As various respiratory illnesses in children spread across the country, pharmacies are looking at alternatives to fill their shelves with children’s medicine.
Liquid Tylenol and other medications a shortage since the summer due to the unprecedented demand for infant and children’s acetaminophen and ibuprofen products.
Some pharmacists were even forced to make the liquid form of children’s painkillers from raw ingredients. It’s been nearly four months since a Beaches pharmacy in Toronto received a shipment of children’s Tylenol or Advil.
Pharmacist Kyro Maseh tells CityNews it was difficult to watch when desperate parents came in or called every 15 minutes looking for the product.
“It’s extremely heartbreaking when I have a parent and can hear the child screaming on the phone,” Maseh said. “It tears my heart apart.”
Ontario Pharmacists Association CEO Justin Bates said manufacturers predict what’s needed based on annual consumption figures, and have been surprised this year.
“We saw more cases of respiratory illnesses and things that we would typically see in the fall with the cold and flu season starting much earlier … it was a 300 percent increase in demand.”
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Bates said the supply chain in Canada is working to combat the shortage by increasing production by 35 percent, but more measures will need to be put in place to address the shortage.
He explained that Health Canada would have to make an exemption to allow the importation of children’s Advil and Tylenol from the US.
“Right now, the regulatory process is that they have to be approved by Health Canada and receive drug identification number requirements, which includes bilingual [language],” Bates said.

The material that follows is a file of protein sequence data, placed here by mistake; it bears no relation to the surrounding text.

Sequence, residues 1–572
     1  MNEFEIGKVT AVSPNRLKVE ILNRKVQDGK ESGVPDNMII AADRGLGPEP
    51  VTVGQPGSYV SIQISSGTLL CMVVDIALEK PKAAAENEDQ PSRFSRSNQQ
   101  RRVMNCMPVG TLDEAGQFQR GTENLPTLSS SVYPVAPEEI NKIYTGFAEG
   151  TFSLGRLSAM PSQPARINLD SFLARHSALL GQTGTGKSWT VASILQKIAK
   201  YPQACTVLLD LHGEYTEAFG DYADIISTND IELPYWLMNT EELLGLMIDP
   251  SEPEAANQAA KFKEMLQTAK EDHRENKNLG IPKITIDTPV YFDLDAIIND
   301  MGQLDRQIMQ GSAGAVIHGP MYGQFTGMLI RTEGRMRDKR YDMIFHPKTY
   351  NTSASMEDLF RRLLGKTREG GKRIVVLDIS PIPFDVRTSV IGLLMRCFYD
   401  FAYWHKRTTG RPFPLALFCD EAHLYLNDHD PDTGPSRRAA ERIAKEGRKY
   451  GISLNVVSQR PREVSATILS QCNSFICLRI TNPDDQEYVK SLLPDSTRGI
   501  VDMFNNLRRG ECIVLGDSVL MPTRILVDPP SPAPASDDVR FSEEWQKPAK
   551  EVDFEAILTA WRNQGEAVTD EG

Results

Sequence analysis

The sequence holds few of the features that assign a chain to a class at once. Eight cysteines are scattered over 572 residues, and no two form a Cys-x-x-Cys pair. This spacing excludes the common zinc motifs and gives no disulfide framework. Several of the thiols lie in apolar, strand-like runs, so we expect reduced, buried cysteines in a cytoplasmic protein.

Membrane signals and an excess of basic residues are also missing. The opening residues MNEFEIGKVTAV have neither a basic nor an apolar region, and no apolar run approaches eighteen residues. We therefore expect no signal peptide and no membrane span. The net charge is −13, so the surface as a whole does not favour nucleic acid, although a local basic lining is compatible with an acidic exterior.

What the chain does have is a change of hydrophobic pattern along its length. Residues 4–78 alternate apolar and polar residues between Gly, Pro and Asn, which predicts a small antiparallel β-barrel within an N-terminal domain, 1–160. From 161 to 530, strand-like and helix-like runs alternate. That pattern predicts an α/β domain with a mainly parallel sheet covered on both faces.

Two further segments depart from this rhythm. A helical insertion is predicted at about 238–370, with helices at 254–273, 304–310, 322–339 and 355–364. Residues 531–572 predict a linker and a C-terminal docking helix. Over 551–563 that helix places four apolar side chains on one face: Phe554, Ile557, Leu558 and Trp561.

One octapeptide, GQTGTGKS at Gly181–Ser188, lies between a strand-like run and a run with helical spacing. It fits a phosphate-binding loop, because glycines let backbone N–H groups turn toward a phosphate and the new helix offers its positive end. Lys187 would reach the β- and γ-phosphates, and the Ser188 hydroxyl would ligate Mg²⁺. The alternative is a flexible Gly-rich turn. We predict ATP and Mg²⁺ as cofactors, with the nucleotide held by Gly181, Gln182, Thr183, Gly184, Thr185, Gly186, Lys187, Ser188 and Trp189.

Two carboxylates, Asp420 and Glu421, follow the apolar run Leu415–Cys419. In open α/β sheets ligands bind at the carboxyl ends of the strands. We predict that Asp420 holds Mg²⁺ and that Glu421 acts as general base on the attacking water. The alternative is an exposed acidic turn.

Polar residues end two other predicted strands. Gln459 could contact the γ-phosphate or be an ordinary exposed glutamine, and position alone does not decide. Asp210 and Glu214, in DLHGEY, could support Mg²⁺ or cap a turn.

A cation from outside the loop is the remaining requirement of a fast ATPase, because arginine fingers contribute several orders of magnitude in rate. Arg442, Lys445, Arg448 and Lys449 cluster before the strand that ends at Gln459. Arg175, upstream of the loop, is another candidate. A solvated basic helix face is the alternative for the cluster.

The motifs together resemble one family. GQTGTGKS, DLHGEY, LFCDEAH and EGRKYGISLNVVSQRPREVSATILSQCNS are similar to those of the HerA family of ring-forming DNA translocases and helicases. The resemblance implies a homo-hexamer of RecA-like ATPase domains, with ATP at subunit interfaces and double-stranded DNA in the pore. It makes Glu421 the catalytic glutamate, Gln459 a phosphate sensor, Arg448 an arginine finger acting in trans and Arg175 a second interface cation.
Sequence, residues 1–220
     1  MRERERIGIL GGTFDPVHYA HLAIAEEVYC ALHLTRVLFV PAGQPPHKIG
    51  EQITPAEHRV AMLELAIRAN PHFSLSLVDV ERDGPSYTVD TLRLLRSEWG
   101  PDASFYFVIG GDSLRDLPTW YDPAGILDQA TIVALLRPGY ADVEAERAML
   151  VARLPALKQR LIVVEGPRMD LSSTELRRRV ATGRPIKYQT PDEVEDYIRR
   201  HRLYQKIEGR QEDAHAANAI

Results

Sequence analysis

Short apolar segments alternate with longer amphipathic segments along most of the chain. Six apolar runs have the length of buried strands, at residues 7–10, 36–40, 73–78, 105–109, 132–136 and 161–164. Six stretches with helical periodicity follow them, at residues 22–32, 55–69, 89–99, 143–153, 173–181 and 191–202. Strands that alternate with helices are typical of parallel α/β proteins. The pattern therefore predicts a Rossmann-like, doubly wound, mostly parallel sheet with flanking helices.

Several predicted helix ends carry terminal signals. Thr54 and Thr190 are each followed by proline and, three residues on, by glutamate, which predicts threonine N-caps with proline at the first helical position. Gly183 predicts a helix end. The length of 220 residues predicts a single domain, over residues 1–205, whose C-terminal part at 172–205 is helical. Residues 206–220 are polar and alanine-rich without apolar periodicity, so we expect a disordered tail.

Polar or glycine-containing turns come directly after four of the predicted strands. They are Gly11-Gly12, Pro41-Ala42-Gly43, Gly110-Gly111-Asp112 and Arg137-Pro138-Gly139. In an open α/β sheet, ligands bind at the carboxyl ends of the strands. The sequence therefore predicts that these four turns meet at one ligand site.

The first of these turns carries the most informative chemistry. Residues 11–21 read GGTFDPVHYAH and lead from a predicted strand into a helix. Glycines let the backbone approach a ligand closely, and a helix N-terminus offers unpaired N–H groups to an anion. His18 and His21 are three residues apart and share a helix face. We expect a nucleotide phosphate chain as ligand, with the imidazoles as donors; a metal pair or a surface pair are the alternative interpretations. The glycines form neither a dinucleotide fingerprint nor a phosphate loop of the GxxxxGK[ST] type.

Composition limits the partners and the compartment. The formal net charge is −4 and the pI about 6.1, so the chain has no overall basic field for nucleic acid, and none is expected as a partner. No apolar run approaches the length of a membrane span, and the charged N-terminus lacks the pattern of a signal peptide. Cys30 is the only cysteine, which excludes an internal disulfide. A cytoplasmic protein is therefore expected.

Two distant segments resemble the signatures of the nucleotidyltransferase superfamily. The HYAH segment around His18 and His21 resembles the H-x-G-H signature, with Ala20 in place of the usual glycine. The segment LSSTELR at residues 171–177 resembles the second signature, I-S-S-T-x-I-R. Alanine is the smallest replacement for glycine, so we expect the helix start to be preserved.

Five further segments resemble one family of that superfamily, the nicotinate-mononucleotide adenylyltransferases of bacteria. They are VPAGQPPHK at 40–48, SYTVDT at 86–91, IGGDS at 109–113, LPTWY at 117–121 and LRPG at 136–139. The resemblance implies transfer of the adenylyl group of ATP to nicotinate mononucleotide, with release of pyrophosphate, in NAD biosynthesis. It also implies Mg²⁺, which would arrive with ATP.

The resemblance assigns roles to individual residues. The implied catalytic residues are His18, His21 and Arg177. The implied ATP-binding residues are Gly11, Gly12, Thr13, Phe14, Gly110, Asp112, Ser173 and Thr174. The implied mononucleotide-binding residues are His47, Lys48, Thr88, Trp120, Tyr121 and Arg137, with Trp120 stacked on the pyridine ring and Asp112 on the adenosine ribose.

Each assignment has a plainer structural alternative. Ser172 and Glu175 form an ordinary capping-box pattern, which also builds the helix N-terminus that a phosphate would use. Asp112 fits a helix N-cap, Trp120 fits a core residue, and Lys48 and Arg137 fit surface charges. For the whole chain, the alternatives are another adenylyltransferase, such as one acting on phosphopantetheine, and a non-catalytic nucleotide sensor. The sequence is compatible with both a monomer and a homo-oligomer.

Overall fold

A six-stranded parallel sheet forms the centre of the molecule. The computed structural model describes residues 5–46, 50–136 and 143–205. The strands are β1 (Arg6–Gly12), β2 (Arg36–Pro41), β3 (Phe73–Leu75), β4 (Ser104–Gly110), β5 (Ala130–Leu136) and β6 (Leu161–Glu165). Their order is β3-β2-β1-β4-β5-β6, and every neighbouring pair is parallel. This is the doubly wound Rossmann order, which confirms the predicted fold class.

The dosage is also slightly different for American products.
“This has to be taken into account when bringing it to Canada, even though it’s the same product in terms of ingredients. It’s safe for American kids, it might be safe for Canadian kids, but the drug facts and warning pieces are slightly different in the Canadian market.”
Health Canada is working to get foreign products into the country amid shortages
Health Canada recently approved the importation of ibuprofen and acetaminophen from the US and Australia, but only for use in hospitals. The distribution of ibuprofen is expected to begin by the end of the week, and efforts are underway to obtain more stock.
“I think it makes perfect sense from a supply chain perspective [to supply hospitals first]. You want to prioritize the most high-risk areas in the system. And then other parts of the system will catch up,” Bates said.
They are now reviewing whether the same imported products may be sold in drug stores and pharmacies.
“All necessary information, such as the information related to warnings and cautions, dosage instructions and ingredients, must be communicated to ensure that parents and caregivers clearly understand what medication they are giving their children,” said a statement from the Minister of Health’s office.
When it comes to bilingual instructions on the packaging, the health minister’s office said in a statement that language requirements “will not cause any delays in getting this critical medication to parents and caregivers.”
Health Canada tells CityNews they have been working with manufacturers on additional proposals to see foreign products made available to pharmacies.
“The department is committed to reviewing proposals as a priority while assessing the safety, quality and efficacy of the proposed drug so that the product can be imported as soon as possible,” said the statement from Health Canada.
Bates said, “I don’t think we have a choice,” when asked if he believed it was a good idea to bring these products to Canada despite not having the bilingual labelling.
“We are in an urgent situation. We’re going into what we expect to be a nasty, bad cold and flu season on top of COVID outbreaks and respiratory illnesses that then lead to bacterial infections like strep throat and earaches, ear infections and pneumonia creating a perfect storm. ” explains Bates.
“This is a short-term measure, but I think the government needs to act urgently to bring those products into the wildlife market,” he added.
Bates tells CityNews he expects the winter to be “a bumpy road” regarding access to these medications.
“I would expect demand to remain quite high. So, hopefully, importing and rationing the number per customer when we get supplies and things of that nature to avoid panic buying will help us. Still, I think it will be uncertain throughout the winter.”
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